By John Mauldin
Trump has promised to free the US of debt. He pledged to pay all federal debt off in eight years.
But so far, it’s been just talk. Two years into Trump’s presidency, the US national debt has grown by $2 trillion.
The official, on-the-books federal debt is now at $22.1 trillion. $22.1 trillion is the face amount of all outstanding Treasury paper, including so-called “internal” debt.
It comes to about 105% of GDP, and that’s only the federal government.
If you add in state and local debt, that adds another $3.1 trillion—to bring total US government debt to $24.3 trillion (more than 120% of GDP).
Then there’s corporate debt, home mortgages, credit cards, student loans, and more. Add it all together, and total debt is about 330% of GDP, according to the Institute for International Finance (IIF).
We are in hock up to our ears. But the problem is actually worse than that…
We Define Debt Wrong
In describing our debt problem over the past couple of years, I’ve discovered a problem. Many of us define “debt” way too narrowly.
A debt occurs when you receive something now in exchange for a promise to give something back later. It doesn’t have to be cash.
If you borrow your neighbor’s lawn mower and promise to return it next Tuesday, that’s a kind of debt.
You receive something (use of the lawn mower) and agree to repayment terms—in this case, your promise to return it on time and in working order.
Uncle Sam has made too many promises to too many people, with little regard for its future ability to fulfill them. Prime among them are Social Security and Medicare.
These are debt. Worse, some of them are additional debt on top of the obligations we already see on the national balance sheet.
Running Out of Reserves
Both Medicare and Social Security are now in negative cash flow. That means Congress must provide additional cash to pay the promised benefits—and it will only get worse.
The so-called “trust funds” will dry out sooner or later. Last year’s annual trustee report estimated Social Security will run out of reserves in 2034, and the hospitalization part of Medicare will dry up in 2026.
Any time politicians talk about putting a “lock box” around Social Security or Medicare trust funds, they are either highly ignorant or lying.
Worse, the estimates of when the trust funds run out depend on a slew of assumptions. Most of them are too optimistic.
For what it’s worth, the Social Security Administration says it has a $13.2 trillion unfunded liability over the next 75 years. That’s the benefits it expects to pay minus the revenue it expects to receive.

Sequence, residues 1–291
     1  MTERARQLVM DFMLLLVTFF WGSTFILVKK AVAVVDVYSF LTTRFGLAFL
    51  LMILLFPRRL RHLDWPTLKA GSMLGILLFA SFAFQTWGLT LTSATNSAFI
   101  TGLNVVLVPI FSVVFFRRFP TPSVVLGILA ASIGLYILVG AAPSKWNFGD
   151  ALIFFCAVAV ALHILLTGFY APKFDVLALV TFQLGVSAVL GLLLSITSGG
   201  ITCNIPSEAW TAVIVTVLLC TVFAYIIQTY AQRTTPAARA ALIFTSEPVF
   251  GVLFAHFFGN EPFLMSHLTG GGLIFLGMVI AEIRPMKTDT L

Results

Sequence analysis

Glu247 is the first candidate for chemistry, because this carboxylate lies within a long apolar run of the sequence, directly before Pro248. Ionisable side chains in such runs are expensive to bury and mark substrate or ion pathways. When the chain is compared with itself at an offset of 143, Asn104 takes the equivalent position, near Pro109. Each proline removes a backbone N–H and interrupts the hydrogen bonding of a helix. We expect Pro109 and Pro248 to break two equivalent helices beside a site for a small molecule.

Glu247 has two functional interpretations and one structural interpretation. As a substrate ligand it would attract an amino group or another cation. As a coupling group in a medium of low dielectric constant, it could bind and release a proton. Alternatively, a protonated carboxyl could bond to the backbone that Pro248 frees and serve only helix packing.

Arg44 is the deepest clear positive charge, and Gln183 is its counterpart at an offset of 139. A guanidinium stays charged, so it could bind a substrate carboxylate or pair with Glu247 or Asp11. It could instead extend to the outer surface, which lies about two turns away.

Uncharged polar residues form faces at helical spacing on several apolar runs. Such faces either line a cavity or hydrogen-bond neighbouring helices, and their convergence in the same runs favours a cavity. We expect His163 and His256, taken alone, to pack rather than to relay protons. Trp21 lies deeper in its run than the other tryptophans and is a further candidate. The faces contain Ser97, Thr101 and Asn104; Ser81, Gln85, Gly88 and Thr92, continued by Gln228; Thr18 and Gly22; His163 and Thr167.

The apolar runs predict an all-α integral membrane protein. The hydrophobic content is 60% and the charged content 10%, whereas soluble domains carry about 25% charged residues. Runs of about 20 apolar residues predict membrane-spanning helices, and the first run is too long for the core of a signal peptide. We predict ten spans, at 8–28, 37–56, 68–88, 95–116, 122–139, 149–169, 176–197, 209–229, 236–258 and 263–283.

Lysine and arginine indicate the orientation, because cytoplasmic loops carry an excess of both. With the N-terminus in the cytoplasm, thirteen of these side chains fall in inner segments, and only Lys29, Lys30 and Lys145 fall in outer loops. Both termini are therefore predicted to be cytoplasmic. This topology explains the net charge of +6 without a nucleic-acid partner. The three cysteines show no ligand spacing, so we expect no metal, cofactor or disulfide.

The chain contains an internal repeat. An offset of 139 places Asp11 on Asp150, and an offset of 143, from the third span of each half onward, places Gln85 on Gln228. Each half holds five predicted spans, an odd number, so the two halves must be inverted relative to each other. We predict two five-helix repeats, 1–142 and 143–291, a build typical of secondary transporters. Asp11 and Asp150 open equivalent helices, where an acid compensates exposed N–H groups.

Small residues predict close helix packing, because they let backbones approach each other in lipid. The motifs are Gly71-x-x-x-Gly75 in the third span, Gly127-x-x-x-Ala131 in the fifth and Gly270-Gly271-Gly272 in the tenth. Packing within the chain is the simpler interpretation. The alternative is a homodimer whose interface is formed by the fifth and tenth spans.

Medicare projections require even more assumptions, but the “official” assumptions put Medicare’s 75-year unfunded liability at $37 trillion. It could be vastly more—or less, if we all get healthier and healthcare costs drop.
My friend Professor Larry Kotlikoff estimates the unfunded liabilities to be closer to $210 trillion. That’s a far cry from the $50 trillion official estimate.
So, at a minimum, we can probably assume Social Security and Medicare are at least another $50 trillion in debt on top of the $22.2 trillion (and growing) on-budget federal debt.
And then you come to the scary part.
Negative Cash Flow
Like the Social Security and Medicare trustees, the CBO makes assumptions, so it’s fair to be skeptical of its estimates.
Because the CBO thinks federal spending will grow significantly faster than federal revenue, it foresees debt as a percentage of GDP will likely be 200% of GDP by 2048. But we will hit the wall long before then.
The CBO numbers show that by 2041, Social Security, healthcare spending, and interest payments will consume all federal tax revenue. All of it.
Everything else the government does (including defense) will require going into more debt.
Yes, making that projection requires an assumption about tax revenue, which requires another assumption about GDP. It could be wrong.
But if so, I think it will be wrong and not in our favor because CBO projections don’t include recessions and wars.
You think we’ll get to 2048 without some years of negative GDP growth? I’ll take that bet.
So, take whatever estimates are made about future deficits and debt, and realize they are going to be worse. Kiss your assumptions goodbye.
And we are not talking about some distant future. Those spending projections and massive deficits are going to happen in the 2020s.
Here is a chart that shows what is likely to happen during the next recession if tax revenue falls to the same degree it did in the last one.
We will have at least a $2 trillion deficit in the next recession, plus a bear market that leaves pensions even more underfunded, and a slower recovery because high debt crowds out future growth. Numerous academic studies back up that statement.
The good news is, none of this is going to happen within the next few years—so we have time to make plans. I’m in the same situation as you are, and I’m already implementing some changes.